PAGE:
Prospects of power for the Lady

As Myanmar’s general election looms, David Watts considers the chances of opposition NLD leader Aung San Suu Kyi taking the reins of government.

 

The world will record that it was the Myanmar military government that blinked first when it tried to postpone this month’s general elections.

Blaming floods and landslides and the resulting dislocation, the authorities called for a delay in the polling, only to be called out by opposition leader Aung San Suu Kyi and several opposition parties. They noted that the devastation of Cyclone Nagis in 2008 had not stopped the conduct of a census.

Faced with a barrage of opposition, within hours the electoral bureau backed down and said the polling would go ahead as planned.

It was a measure of the regime’s nervousness that even at that late stage, it lacked confidence in its game-plan for what is billed as the nation’s first full elections in 50 years, though that description has to be heavily qualified.

The government’s principal antagonist, Suu Kyi, demonstrated no such lack of resolve, declaring that she is intent on using the election to become the country’s leader, even though she knows that is unconstitutional at this time.

No-one with foreign connections may lead the country under the present dispensation and Suu Kyi has two sons with British passports by the late Michael Aris, an Oxford academic who specialised in Bhutanese, Tibetan and Himalayan culture and history. Since the two young men, Alexander and Kim, have not shown any interest in Myanmar’s politics, it is hard to image how they might have a negative influence on the country of their mother’s birth.

But xenophobia looms large in Myanmar’s laws, and they are aiding the cause of radical Buddhists while causing untold suffering to the Muslim Rohynghas in Rakhine State in the border areas with Bangladesh, who are rendered stateless as result.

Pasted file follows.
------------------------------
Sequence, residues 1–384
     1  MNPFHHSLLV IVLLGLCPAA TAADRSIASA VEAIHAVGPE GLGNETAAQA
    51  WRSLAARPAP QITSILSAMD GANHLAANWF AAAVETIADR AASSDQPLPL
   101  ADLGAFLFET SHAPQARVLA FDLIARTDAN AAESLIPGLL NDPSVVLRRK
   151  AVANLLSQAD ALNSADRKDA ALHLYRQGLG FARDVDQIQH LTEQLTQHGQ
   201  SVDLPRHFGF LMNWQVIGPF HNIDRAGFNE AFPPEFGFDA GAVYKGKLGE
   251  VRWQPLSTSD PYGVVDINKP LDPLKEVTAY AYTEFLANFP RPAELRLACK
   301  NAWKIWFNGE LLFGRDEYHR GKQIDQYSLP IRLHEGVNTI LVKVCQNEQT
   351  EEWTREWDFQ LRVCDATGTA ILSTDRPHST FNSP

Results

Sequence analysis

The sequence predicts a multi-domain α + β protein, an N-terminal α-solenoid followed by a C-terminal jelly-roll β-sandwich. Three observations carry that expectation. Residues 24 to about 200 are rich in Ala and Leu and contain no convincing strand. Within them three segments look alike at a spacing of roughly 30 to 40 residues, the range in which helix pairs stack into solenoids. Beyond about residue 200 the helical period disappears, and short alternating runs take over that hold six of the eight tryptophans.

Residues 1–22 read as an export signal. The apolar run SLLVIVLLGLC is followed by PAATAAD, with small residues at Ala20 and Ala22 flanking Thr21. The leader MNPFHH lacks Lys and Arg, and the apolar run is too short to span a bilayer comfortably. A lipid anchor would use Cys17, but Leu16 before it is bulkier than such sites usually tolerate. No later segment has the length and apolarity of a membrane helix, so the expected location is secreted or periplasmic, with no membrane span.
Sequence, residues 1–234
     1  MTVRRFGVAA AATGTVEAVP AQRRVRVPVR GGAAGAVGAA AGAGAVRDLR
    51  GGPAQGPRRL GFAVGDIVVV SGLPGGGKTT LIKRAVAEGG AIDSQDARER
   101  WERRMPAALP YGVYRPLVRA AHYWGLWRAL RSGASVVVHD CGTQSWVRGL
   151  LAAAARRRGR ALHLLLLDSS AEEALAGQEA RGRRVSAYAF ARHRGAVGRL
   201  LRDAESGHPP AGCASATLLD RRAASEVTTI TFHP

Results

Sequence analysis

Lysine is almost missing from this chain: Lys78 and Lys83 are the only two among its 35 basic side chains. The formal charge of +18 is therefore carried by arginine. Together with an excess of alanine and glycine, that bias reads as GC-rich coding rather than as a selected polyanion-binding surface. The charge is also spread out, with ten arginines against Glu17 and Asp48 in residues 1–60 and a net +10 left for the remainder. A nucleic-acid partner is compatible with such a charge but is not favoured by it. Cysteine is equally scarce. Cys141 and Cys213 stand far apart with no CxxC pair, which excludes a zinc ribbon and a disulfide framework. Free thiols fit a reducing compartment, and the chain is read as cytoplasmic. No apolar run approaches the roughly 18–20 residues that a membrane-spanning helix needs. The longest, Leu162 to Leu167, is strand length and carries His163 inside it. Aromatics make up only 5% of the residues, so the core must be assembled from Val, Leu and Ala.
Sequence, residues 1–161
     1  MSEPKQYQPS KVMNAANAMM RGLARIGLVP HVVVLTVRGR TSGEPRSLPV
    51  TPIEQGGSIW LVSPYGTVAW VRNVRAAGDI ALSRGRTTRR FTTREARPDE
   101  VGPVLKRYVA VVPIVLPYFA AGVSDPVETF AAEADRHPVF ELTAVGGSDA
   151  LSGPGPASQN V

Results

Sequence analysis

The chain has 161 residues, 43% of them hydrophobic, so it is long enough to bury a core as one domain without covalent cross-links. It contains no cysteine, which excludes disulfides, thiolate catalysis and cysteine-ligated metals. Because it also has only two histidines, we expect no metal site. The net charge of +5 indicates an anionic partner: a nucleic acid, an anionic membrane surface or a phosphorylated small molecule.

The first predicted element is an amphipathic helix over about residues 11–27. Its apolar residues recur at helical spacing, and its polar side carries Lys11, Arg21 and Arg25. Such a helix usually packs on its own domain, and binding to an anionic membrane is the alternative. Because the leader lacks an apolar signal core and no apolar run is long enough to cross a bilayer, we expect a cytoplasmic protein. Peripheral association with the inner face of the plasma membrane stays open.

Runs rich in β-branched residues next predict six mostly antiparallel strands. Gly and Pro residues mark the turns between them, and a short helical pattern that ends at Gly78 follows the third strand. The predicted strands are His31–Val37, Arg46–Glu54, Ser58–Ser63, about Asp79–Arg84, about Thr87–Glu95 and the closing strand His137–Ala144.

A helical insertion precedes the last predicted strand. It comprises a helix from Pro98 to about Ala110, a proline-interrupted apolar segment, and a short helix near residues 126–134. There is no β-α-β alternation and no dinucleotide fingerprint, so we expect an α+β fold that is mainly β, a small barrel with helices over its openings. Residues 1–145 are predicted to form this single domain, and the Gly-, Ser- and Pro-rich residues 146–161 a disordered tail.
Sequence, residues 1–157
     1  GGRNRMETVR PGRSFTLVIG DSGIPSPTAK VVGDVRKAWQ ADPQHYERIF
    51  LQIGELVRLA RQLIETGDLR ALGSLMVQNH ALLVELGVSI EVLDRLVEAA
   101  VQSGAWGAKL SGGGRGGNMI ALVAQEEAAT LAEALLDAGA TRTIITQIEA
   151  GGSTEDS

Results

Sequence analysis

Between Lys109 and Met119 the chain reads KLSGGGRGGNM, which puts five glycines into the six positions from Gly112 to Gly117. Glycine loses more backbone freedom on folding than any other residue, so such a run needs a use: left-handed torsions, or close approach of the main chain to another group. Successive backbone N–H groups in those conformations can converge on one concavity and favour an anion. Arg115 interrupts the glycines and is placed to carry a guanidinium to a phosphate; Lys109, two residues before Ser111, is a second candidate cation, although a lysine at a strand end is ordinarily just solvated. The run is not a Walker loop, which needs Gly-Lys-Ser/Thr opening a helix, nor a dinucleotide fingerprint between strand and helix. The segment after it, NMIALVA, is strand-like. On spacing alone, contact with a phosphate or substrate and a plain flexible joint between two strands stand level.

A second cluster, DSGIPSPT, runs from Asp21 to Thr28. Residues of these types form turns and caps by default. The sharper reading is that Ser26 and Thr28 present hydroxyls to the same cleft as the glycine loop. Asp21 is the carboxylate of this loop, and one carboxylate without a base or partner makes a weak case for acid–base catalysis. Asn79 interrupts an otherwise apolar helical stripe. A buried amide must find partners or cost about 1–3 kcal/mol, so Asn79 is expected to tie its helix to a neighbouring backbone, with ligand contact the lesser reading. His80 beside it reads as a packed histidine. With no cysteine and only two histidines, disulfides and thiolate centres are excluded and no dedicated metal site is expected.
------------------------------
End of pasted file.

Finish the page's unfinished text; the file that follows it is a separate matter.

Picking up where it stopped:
It is no secret what made the generals quake in their plush offices in Nay Pyi Taw, their custom-built new capital: the latest polling showed Suu Kyi’s National League for Democracy (NLD) was enjoying a tsunami of support which the military men could not hope to match.

As an earnest illustration of their good intentions to become a credible government in a new guise, a grandiose ceremony was held in the capital to mark what the authorities said was a ceasefire agreement with eight of the ethnic armed groups that have been opposing the central government since independence from the British in 1948.

The government billed it as a major forward step towards building peace in the country’s border lands but what was notable was the reality that perhaps the most significant of the rebel groups were not at the table.

Those signing were the groups to be found along the Thai border but not those along the vast stretch of border with China—notably the Kachin and the Wa—who have armies of followers numbering in the thousands and who have been fighting the central government in recent weeks and show no sign of letting up. There is no concrete ceasefire with the other groups, nor any agreement for them to yield up their weapons.

The generals appear to hope that the completion of successful elections might tempt them to join the party but even those signing have been given little indication of how any new power arrangement with the government might work out.